‘A City of Courage and Champions': Boston Marks One-Year Anniversary of Marathon Bombings [Updated]
Public officials and survivors participated in a special tribute ceremony near the finish line.
Patrick Downes would never wish for anyone to have to go through the devastating pain he and his wife have endured over the last year.
“However, we do wish that all of you, in some point in your lives, feel as loved as we have felt…it has been the most humbling experience of our lives,” said Downes, during the Boston Remembers Tribute ceremony at the Hynes Convention Center.
Recalling the tremendous support the community has shown in the last 365 days, Downes, who lost his leg when one of the bombs went off at the finish line, said the tragedy is yet another chapter in a city rich with history. “In this spirit, we choose this Marathon Monday to show the world what Boston represents, through our deeds and dedications,” he said, staying optimistic about this year’s race, instead of looking back on the life-changing events that shook the city to its core last year. “I am so proud to be a Bostonian, because I am so proud to be connected to all of you.”
Downes was one of three survivors of the April 15, 2013, attack who took the stage at Tuesday’s special commemorative event, to say “thanks” to the first responders, residents, elected officials, and communities all over the world that stepped up and offered unwavering support in the face of tragedy.
The tribute event, one year to the day of the bombings, began with a musical performance by the Boston Pops, featuring Keith Lockhart and Renese King, who sang “America the Beautiful.” Her rendition of the anthem was followed by opening remarks by Reverend Liz Walker, a pastor from the Roxbury Presbyterian Church. “We are humbled by what we have been through, and proud of what it has made us,” Walker said. “It will teach us and lead us boldly into the future, and we will hold our memories gently, and with honor, just as we honor those we love, those who are gone, but never lost. Today we remember.”
The Reverend paid homage to each of the four victims—Martin Richard, Krystle Campbell, Lingzi Lu, and MIT Officer Sean Collier—who lost their lives as a result of the horrific attack and subsequent search for the alleged suspects in the days that followed. “We will remember,” said Walker, before members of the Boston Children’s Chorus sang a version of “Up the Mountain.”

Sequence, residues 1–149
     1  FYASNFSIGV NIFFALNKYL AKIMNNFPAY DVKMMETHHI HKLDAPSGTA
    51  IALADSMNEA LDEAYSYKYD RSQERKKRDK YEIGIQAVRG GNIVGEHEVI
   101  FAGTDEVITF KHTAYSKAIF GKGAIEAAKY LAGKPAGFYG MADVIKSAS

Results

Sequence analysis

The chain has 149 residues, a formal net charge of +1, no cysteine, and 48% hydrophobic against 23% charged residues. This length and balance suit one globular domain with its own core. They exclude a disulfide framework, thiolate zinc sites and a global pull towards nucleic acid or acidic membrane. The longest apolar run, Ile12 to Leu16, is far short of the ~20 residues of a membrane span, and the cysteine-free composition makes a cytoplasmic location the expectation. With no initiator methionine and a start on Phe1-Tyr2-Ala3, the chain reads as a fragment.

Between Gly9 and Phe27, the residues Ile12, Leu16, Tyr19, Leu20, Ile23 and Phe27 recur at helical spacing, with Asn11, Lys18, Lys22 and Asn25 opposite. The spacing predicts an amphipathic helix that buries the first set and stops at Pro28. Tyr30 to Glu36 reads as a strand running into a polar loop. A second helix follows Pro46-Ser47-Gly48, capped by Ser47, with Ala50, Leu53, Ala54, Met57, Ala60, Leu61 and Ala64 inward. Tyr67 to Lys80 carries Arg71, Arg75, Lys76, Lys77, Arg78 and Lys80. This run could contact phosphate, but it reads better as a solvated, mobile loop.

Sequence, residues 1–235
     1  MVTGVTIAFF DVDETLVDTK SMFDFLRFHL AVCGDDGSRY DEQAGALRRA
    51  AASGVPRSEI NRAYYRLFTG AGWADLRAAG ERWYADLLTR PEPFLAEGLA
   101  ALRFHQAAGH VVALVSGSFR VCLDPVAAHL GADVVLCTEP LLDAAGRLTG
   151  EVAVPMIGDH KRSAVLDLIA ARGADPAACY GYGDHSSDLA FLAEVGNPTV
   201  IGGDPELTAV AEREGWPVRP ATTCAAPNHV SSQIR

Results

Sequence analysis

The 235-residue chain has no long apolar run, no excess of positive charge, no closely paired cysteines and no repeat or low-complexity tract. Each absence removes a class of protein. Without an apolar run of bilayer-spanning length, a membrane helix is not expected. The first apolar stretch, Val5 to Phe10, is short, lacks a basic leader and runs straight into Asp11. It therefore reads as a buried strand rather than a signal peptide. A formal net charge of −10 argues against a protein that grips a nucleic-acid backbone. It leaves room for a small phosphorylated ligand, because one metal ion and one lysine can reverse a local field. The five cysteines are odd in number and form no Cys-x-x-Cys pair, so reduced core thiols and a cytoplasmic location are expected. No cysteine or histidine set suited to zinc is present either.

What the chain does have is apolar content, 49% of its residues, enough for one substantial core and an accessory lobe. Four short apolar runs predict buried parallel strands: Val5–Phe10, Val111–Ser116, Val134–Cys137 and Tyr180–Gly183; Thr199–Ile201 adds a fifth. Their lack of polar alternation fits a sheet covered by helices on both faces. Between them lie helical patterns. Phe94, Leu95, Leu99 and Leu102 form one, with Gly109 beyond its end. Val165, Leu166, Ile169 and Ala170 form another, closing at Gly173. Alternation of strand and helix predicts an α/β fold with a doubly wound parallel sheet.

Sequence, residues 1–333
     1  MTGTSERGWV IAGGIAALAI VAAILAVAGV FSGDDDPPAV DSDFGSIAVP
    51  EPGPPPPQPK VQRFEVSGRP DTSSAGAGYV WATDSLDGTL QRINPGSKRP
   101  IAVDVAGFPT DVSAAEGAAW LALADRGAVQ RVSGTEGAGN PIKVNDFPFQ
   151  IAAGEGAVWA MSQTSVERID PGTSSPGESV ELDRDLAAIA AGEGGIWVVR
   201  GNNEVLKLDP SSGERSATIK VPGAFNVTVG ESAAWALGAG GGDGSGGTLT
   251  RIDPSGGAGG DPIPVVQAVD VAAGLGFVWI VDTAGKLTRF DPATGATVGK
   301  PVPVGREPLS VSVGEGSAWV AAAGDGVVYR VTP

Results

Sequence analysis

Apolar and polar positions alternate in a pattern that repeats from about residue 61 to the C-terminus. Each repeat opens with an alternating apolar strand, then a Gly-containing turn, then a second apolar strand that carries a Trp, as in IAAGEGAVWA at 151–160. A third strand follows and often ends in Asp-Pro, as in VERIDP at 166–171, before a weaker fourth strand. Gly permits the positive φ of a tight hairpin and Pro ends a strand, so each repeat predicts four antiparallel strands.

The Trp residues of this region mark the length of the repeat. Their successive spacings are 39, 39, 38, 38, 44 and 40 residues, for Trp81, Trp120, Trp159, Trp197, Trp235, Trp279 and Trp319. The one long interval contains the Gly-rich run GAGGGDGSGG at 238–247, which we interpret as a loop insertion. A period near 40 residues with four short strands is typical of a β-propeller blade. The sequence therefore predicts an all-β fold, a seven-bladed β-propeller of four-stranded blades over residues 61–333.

The occasion was marked by public appearances by survivors like Downes, and community leaders like Tom Grilk, executive director of the Boston Athletic Association, Vice President Joe Biden, Governor Deval Patrick, Mayor Marty Walsh, and former mayor Tom Menino, who took the stage to roaring applause for the first time since leaving office. “I want you to hear this solemn promise,” Menino said to survivors. “When the lights dim and the cameras go away, know that our support and love for you will never waver, and what you need to do to recover and carry on, know that the people of Boston, and I, will be there for you.”
Speaking about each of the victims killed last year, Walsh similarly touched upon the importance of Boston’s amiable resilience. “We still hurt,” he said. “We will never be the same. But we are stronger than ever. We have been tested and tested again, but we face these hurts with a new understanding of strength.”
Governor Patrick acknowledged that it was nearly impossible to add to the heartfelt testament delivered by the survivors who shared their stories during the event, but he did his best. “I’m just glad to be here with all of them and all of you,” said Patrick. “I’m glad to have this marathon behind us, and the next marathon ahead of us…because as I see it, Boston Strong is about the triumph of community itself.”
Patrick said people were there to celebrate that sense of community, and show of kindness and grace that was evident in the days and weeks after the 2013 race. “That’s what a community is, and I am so, so proud to be a part of this one,” he said.
Representing the White House, Biden delivered a riveting account of that same community-driven pride that not only spouted from the streets of Boston, but from all around the world. “You are living proof that America can never, never, never be defeated. You are the proof of that assertion. So much has been taken from you, but you’ve never given up,” Biden said. “We will never cower…we are Boston. We are America. We respond, we endure, we overcome, and we own the finish line.”
Although he didn’t attend the tribute ceremony, President Barack Obama offered remarks ahead of the event, describing the city’s pivotal role in showing the entire world that no act of terror could ever trump the spirit of Boston. “We send our thoughts and prayers to those still struggling to recover. We also know that the most vivid images from that day were not of smoke and chaos, but of compassion, kindness and strength,” Obama said in a statement, where he mentioned specific survivors and first responders by name. “Today, we recognize the incredible courage and leadership of so many Bostonians in the wake of unspeakable tragedy. And we offer our deepest gratitude to the courageous firefighters, police officers, medical professionals, runners and spectators who, in an instant, displayed the spirit Boston was built on—perseverance, freedom and love.
Obama said come Marathon Monday, on April 21, the city would rise again, and continue to show its strength through the outpouring of support and crowds of spectators expected to line the race route. “And when the sun rises over Boylston Street next Monday—Patriot’s Day—hundreds of thousands will come together to show the world the meaning of Boston Strong as a city chooses to run again,” he said.
The day-long event concluded with a flag-raising ceremony at the site of the finish line, with a moment of silence to pay respects to everyone that was impacted by the horrific events of last year.